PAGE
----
Real Estate 101

Bidding Wars Happen. How Can Buyers Win?

Buyers in our area have heard stories of houses selling with upwards of ten offers for tens-of-thousands (or even hundreds-of-thousands) over the list price. Many buyers have even been involved in some of these so-called bidding wars. And we expect to see bidding wars continue through this spring market.

 

Caroline Staudt explains what buyers need to

understand about bidding wars:

 

Every situation is unique.

No two buyers and no two listings are the same. Engaging a thoughtful, knowledgeable buyer's agent to represent you, and only you, in your home search an important first step. Much like the listing agent, whose fiduciary duties are to the seller, a buyer's agent owes her fiduciary duties to  you, the buyer. This enhances the agent's ability to guide and advise you and your family on forumulating the best offer on any given home.

A seller is not obligated to, and may not always, accept the highest offer.

Other terms and factors such as financing (e.g., a cash offer being more attractive than a 5% down offer), closing date, inspections, and even pure emotion of the seller can also factor into a seller's decision. Again, a buyer's agent can work with you to consider each of these terms when making an offer.

Price does still matter.

Win the Bidding War

Sellers may not always take the highest offer, but price does matter - a lot. When considering making a bid well over the asking price, think about what the house is worth objectively by looking with your agent at comparable sales and also what the house is worth to you. Then balance those two factors. Also, depending on your financing, speak with your agent about whether there could be appraisal issues with an offer significantly over the asking price.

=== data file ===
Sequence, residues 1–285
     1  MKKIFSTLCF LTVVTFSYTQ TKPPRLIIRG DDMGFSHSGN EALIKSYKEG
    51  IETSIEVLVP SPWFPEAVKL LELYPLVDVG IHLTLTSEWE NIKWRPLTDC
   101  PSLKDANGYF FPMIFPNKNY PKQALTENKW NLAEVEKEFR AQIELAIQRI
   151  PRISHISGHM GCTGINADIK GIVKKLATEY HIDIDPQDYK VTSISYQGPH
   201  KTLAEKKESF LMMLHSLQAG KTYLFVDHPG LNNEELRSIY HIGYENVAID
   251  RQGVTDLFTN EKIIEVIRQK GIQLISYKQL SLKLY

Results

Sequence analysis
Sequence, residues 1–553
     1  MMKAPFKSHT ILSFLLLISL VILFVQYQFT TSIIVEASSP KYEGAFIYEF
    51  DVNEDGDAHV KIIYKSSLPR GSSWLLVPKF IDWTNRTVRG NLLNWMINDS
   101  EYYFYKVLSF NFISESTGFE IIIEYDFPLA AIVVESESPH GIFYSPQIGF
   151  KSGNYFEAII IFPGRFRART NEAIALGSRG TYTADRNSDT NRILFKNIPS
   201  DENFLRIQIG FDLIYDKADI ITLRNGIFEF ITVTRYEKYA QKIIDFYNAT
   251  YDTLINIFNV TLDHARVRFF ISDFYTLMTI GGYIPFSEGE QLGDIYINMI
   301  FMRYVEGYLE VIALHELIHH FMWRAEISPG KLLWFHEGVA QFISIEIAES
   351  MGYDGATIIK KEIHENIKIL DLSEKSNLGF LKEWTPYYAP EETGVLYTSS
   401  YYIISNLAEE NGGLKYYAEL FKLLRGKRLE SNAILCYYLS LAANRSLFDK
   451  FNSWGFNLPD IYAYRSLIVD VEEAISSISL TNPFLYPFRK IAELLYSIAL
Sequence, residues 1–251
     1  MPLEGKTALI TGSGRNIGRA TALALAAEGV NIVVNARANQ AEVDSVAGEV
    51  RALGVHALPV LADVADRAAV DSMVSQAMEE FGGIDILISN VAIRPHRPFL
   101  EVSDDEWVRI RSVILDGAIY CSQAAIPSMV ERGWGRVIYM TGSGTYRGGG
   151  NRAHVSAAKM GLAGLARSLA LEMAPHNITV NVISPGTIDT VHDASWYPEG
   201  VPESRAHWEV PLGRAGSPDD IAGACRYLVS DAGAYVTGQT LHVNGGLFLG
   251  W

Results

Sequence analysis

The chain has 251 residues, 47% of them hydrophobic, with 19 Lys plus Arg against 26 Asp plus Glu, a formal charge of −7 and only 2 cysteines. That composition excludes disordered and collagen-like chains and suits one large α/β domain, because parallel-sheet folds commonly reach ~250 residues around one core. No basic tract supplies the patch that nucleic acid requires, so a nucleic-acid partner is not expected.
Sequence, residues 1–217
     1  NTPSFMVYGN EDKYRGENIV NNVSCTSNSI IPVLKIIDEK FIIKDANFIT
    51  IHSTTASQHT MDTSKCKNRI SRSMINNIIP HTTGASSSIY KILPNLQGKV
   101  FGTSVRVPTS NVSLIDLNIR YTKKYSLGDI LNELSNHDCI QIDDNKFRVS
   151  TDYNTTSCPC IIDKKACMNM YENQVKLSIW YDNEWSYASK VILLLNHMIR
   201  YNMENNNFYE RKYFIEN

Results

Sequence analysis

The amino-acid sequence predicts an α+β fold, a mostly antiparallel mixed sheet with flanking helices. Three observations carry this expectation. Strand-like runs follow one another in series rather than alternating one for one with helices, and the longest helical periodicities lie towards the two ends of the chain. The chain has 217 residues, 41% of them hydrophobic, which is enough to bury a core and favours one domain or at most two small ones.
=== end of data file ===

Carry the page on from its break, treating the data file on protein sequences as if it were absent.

There is no protocol for how a seller should handle multiple offers.

A seller reviewing multiple offers may choose to (1) accept the highest offer that comes in, (2) go back to some or all of the potential buyers for a "Best and Final" offer, (3) counter to one of the buyers but not the others, or (4) reject all offers. Provided that Fair Housing and other applicable laws are not violated, there are no rules for how a seller can handle and respond to offers. It is the job of your buyers's agent to arm you with as much information as possible so together, you can prepare an offer that stands out from the crowd, no matter which approach the seller takes.

Use caution when waiving contingencies.

Buyers may hear stories about other buyers waiving mortgage contingencies and inspection contingencies. This approach is not for the faint of heart and has the potential to lead to big problems down the road. While waiving contingencies may be what it takes to ultimately get a specific home, you should be sure to speak to your agent, your lender, and perhaps even your attorney if you are considering going down this path. Your agent should also be able to work with you to formulate a strong offer while limiting your risk.

Remember that not every listing will see a bidding war.

Remember, every situation is unique. Many houses - whether because of price or location or some other intangible factor - will not sell immediately with multiple offers. Do not assume when looking at listings that every house will sell for over the asking price with multiple offers. Do not be afraid to enter into the market for fear of being involved in a bidding war.